FINRA Rule 2210 requires that firms retain records of communications that relate to their “business as such” under Rule 17a-4(b) of the Securities Exchange Act of 1934 (SEA). Therefore, it is the content of the broker’s communication that determines whether it is regulated under Rule 2210. However, how does the rule apply if the firm[…]
[Continued from Communications with the Public – Part I]
Investment Analysis Tools
Pursuant to FINRA Rules 2210(c)(3)(C) and 2214(a), firms that intend to offer an investment analysis tool must file templates for written reports produced by, or retail communications concerning, the tool, within 10 business days of first use. Rule 2214 also requires firms to provide FINRA with access to the tool itself, and provide customers with specific disclosures when firms communicate about the tool, use the tool or provide written reports generated by the tool.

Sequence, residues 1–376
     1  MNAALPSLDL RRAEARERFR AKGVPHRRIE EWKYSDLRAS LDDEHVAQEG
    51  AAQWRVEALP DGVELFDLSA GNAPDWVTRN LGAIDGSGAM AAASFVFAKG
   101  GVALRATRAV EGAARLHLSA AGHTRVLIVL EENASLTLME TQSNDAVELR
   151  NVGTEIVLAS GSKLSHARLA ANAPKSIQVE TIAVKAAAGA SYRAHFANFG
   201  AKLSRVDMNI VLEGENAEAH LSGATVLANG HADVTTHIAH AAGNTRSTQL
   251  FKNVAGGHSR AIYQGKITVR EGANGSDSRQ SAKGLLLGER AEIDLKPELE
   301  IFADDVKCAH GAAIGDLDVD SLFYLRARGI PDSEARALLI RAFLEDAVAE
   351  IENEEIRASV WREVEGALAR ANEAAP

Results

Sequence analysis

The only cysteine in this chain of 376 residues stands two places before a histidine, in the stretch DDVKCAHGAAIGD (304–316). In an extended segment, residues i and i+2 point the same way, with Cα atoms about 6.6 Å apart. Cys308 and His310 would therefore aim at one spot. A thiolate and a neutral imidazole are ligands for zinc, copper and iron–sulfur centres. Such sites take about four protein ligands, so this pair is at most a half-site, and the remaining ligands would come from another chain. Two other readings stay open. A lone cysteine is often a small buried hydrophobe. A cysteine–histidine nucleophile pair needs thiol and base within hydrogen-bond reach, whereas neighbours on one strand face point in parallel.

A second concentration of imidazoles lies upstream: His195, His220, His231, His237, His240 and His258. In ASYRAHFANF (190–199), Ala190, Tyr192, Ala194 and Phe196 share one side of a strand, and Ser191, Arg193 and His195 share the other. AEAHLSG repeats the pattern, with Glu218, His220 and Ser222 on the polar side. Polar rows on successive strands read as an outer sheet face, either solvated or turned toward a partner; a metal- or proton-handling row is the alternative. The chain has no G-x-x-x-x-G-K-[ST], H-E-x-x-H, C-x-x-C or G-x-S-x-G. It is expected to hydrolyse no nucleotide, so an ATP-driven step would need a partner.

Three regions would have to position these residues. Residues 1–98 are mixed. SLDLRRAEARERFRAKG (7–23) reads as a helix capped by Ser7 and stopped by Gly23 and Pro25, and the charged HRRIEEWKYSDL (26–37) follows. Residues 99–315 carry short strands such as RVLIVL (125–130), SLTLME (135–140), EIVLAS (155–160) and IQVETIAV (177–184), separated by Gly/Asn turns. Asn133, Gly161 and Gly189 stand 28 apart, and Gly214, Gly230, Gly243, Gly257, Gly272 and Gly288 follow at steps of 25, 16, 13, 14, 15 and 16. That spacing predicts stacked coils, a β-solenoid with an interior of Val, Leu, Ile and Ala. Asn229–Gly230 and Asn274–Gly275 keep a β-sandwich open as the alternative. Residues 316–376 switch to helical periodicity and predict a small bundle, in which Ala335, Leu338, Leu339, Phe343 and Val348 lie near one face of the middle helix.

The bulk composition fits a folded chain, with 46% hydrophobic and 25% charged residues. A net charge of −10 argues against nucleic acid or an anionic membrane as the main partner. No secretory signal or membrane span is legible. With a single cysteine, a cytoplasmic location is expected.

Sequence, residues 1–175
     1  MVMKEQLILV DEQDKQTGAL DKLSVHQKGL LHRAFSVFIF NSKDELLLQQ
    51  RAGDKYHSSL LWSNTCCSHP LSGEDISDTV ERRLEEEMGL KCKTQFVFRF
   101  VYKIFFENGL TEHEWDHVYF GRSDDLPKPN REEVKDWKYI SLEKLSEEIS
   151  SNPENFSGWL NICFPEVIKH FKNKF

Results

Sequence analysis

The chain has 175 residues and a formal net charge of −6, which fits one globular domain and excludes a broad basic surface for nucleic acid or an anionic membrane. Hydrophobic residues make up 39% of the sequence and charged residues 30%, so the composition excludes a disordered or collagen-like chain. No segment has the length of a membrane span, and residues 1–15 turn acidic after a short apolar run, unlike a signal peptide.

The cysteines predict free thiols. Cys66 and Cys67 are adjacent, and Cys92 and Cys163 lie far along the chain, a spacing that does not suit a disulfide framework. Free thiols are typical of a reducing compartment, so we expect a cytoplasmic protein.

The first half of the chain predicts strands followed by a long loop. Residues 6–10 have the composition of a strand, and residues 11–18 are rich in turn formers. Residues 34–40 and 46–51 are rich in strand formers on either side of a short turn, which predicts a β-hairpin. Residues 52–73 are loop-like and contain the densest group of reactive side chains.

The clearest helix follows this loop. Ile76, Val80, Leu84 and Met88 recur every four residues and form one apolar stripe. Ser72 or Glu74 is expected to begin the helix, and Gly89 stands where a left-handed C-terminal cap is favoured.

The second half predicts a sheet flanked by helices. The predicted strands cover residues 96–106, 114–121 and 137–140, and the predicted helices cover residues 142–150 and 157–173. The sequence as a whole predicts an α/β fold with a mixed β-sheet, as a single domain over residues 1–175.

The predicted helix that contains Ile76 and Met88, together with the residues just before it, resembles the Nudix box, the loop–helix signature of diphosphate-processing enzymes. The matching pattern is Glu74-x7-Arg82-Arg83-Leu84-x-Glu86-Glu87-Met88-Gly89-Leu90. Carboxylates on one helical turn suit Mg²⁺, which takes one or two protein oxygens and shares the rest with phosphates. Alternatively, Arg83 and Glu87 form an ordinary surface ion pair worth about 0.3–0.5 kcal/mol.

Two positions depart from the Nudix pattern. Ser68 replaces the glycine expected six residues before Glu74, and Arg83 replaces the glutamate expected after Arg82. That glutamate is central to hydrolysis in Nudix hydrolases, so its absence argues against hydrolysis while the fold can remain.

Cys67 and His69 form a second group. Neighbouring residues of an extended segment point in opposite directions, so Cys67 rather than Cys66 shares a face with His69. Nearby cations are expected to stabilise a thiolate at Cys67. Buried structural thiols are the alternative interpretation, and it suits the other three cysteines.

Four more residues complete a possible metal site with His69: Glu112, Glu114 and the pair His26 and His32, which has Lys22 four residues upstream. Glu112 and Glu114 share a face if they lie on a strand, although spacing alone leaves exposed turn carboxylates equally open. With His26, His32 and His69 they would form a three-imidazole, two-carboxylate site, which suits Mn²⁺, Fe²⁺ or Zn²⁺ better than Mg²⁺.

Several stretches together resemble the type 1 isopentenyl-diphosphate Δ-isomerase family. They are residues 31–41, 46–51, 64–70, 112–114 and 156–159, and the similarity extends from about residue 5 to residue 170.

In April 2014, FINRA began a review of its communications with the public rules to assess their effectiveness and efficiency. FINRA later published a report concluding that, while the rules have met their intended investor protection objectives, they could benefit from some updating to better align the investor protection benefits and the economic impacts. To this end, the SEC recently approved amendments to certain FINRA rules governing communications with the public effective January 9, 2017. The amendments revise the filing requirements in FINRA Rule 2210 and FINRA Rule 2214 and the content and disclosure requirements in FINRA Rule 2213. Below is a summary of some of these changes.